The Process of Altering Share Capital

Altering share capital is a significant corporate action that requires careful adherence to legal procedures. The general process involves:

  1. Reviewing the Articles of Association: Before initiating any change, the company must ensure that its Articles of Association permit the proposed alteration. If not, the articles themselves may need to be amended first.
  2. Board Meeting: The board of directors must convene to discuss and approve the proposed alteration. A formal notice detailing the agenda, date, time, and location must be sent to all directors at least seven days in advance.
  3. Calling an Extraordinary General Meeting (EGM): An EGM must be called to obtain shareholder approval for the alteration. Notice of the EGM must be sent to all shareholders, directors, and auditors at least 21 days before the meeting, unless shorter notice is agreed to by at least 95% of members entitled to vote.
  4. Conducting the EGM: At the EGM, the proposal for altering share capital is presented and voted upon. If approved, the resolution is passed, and any necessary explanatory statement is attached.
  5. Filing with the Registrar of Companies: Within 30 days of passing the resolution, the company must file the appropriate forms (such as eForm SH-7 and eForm MGT-14) with the Registrar of Companies, along with the required fees.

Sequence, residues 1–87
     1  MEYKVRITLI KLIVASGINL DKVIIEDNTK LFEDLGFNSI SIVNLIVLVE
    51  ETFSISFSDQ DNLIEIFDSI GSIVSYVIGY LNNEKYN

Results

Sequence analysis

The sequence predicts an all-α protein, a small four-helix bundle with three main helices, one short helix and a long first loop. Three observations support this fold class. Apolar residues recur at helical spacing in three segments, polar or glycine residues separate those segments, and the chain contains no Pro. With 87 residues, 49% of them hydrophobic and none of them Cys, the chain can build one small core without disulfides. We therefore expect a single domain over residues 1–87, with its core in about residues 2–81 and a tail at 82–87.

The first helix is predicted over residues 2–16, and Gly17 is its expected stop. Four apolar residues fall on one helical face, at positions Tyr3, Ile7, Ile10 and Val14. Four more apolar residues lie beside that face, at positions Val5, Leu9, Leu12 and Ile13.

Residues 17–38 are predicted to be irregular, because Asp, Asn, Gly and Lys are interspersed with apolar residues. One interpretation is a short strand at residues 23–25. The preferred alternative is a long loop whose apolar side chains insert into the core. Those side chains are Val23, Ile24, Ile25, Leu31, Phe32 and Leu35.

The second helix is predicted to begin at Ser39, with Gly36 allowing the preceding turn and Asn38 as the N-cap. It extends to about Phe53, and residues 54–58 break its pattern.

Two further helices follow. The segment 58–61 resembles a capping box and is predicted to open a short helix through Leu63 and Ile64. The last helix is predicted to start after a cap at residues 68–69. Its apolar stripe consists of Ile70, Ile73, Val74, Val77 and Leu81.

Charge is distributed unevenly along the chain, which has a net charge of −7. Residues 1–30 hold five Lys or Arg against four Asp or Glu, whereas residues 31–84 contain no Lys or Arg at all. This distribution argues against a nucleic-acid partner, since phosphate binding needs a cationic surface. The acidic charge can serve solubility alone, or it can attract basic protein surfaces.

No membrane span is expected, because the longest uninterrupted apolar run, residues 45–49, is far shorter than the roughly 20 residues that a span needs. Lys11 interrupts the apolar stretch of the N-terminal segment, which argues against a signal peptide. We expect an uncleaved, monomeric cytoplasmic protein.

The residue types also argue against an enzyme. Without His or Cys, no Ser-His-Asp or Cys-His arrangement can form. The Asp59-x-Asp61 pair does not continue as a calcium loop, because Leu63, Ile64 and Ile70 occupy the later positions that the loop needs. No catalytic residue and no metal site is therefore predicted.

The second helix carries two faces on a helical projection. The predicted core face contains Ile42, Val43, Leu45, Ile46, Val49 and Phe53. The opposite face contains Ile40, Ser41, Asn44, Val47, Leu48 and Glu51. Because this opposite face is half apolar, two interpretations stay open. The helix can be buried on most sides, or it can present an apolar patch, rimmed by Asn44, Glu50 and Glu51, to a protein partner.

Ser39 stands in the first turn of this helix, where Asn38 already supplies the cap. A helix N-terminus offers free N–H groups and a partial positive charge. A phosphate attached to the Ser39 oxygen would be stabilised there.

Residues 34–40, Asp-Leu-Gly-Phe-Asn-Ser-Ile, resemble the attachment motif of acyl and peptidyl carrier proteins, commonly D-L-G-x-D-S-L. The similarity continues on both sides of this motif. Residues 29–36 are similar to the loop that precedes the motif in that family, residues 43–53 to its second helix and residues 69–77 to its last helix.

6. Amending Company Documents: Following approval and registration, the company must update its Memorandum of Association and Articles of Association to reflect the changes in share capital.

Legal and Financial Implications

Altering share capital can have significant legal and financial implications:

  1. Shareholder Rights: Changes in share capital can affect voting rights, dividend entitlements, and other shareholder privileges.
  2. Market Perception: Alterations may impact how the market views the company, potentially affecting share price and investor sentiment.
  3. Regulatory Compliance: Companies must ensure they comply with all relevant securities laws and stock exchange regulations when altering share capital.
  4. Tax Considerations: Certain types of alterations may have tax implications for both the company and its shareholders.


Alteration of share capital is a powerful tool that allows companies to adapt their capital structure to changing business needs and market conditions. However, it’s a process that requires careful consideration, planning, and execution. Companies must balance the potential benefits of altering their share capital against the costs and complexities involved. By understanding the various types of alterations available and following the proper procedures, businesses can effectively manage their capital structure to support growth, improve financial flexibility, and enhance shareholder value. As with any significant corporate action, it’s advisable for companies to consult with legal and financial experts when considering alterations to their share capital to ensure compliance with all relevant laws and regulations and to maximize the benefits of such changes.